‘Only 1.7% of climate finance is going to small farmers who produce 1/3 of food in the world’: Reehana Raza

India News

REEHANA RAZA, Regional Director, Asia and the Pacific Division, International Fund for Agricultural Development (IFAD), speaks to HARIKISHAN SHARMA on IFAD’s work in India, climate change, G-20 and other issues. Edited excerpts of the interview.

What kind of work the IFAD does in India?

The IFAD’s mission is to alleviate rural poverty. It works in the area of agriculture, agricultural productivity. It is focused on small-holder farmers. In India, we have six projects. The total IFAD lending is about $1.2 billion but with co-financing it is about $3.89 billion.

How have the challenges of agriculture development changed over the past 10 or 20 years in India?

I don’t have the institutional memory because I am relatively new. But I think clearly we are in a very different time. IFAD was founded after the first oil shock and food crisis in 1973 and that really provided the impetus of looking at how you can strengthen food security and food production in the developing world…We are in another food crisis and [that is] very much driven by external shocks… I think the issue of climate change and its impact on small-holder farmers… Only 1.7% of climate finance is going to small farmers and yet they produce one-third of the food in the world. So, the real question for us is how to make sure we are directing financing to this very important group… And also now, of course, with the food crisis looking at food security. That is where our focus is. Historically I don’t know what the projects were but these are the projects now, essentially based on small-holder farmers.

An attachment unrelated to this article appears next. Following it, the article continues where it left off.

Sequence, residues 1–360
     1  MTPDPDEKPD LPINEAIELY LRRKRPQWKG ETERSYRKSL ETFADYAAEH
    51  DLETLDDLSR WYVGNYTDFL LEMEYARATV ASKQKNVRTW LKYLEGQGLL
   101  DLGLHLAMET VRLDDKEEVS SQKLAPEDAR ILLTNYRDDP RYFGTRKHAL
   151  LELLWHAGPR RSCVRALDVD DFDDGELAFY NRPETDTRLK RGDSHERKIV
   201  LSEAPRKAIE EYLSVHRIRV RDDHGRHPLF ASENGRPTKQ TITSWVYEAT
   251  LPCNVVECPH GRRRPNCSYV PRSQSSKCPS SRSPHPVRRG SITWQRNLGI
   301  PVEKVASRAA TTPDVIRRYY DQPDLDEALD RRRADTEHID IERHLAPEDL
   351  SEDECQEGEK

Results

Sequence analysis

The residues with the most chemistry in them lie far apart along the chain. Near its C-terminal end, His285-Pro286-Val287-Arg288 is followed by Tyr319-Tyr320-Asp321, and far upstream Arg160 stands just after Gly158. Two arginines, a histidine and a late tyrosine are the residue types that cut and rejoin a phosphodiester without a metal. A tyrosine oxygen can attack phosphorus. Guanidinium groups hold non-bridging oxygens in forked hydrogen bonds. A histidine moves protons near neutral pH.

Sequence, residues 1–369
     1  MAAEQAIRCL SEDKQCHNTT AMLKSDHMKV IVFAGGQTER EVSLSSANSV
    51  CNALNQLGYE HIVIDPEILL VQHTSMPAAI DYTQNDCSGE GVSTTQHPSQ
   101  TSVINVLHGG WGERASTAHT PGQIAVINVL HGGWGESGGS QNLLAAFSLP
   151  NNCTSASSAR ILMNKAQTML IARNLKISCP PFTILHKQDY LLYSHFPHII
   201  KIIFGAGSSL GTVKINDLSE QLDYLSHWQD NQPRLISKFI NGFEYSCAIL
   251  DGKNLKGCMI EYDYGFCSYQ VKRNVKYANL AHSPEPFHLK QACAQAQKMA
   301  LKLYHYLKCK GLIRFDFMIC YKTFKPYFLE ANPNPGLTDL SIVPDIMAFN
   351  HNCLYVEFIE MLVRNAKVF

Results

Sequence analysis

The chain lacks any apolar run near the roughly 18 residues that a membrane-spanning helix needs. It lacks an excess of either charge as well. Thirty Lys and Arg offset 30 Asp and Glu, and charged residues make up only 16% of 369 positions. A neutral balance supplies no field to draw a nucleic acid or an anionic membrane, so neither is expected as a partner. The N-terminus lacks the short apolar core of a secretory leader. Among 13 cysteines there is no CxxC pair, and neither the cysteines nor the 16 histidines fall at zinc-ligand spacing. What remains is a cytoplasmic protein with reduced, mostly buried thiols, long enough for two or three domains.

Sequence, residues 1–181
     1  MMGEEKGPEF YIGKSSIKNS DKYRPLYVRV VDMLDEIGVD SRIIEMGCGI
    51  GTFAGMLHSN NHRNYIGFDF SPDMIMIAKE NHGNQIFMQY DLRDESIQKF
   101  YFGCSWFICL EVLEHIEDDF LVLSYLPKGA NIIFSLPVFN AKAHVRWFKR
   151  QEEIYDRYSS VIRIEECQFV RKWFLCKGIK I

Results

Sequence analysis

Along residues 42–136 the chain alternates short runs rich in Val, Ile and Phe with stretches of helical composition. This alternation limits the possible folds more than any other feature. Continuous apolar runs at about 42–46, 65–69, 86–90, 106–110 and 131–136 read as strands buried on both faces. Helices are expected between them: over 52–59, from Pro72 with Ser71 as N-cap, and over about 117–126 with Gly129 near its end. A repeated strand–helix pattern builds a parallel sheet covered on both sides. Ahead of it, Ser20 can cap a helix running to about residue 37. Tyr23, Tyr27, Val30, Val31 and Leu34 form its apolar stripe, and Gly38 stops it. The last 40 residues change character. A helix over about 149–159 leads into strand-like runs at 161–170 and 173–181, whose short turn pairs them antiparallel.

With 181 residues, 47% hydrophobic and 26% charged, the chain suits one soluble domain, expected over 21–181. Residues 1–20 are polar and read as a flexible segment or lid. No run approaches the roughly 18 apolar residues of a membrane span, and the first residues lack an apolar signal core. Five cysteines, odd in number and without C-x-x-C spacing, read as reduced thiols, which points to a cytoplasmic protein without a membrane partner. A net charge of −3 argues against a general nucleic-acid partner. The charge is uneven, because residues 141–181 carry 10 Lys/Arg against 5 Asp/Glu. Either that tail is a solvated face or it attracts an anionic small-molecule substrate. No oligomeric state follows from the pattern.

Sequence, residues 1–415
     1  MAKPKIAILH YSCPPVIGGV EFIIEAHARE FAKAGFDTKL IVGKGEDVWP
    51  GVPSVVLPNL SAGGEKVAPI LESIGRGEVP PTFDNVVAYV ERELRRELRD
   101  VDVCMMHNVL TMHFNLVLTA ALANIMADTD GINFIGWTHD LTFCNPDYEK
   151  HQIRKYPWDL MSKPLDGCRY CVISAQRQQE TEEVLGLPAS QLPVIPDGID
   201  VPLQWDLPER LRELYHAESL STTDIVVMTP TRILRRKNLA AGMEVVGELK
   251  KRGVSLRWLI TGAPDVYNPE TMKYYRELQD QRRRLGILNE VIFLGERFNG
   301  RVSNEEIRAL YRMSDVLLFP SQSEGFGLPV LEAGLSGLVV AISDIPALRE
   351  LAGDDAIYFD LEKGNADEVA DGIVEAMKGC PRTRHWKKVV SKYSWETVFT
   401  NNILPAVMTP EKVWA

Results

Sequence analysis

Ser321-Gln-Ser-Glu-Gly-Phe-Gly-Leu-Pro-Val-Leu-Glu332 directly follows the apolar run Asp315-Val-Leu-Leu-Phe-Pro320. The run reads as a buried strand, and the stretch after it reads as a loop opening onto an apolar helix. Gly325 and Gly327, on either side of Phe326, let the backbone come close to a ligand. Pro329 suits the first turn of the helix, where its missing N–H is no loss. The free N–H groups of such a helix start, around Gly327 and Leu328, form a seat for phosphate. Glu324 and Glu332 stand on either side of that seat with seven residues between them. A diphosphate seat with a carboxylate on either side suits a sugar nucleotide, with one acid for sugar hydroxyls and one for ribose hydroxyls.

What per cent of the IFAD funding in India goes to climate resilient agriculture?

100% of our funding goes to small-holder farmers… At IFAD, our focus is to ensure that 40% of our funding is going to climate action. In India, that would be our goal as well. So, this 40% of funds that are coming to India should be going to climate adaptation. That is the objective.

How do you see India’s role in today’s food security scenario?

India is going to lead the G-20… India is the fifth largest economy in the world right now. So, I think in terms of agenda-setting, the Indian government has a huge opportunity for the G-20… I think the Indians are putting on the agenda about climate justice, about who really pays… Climate change ishappening now and developing countries are paying the price… So, I can get the sense that they are pushing the agenda that way.

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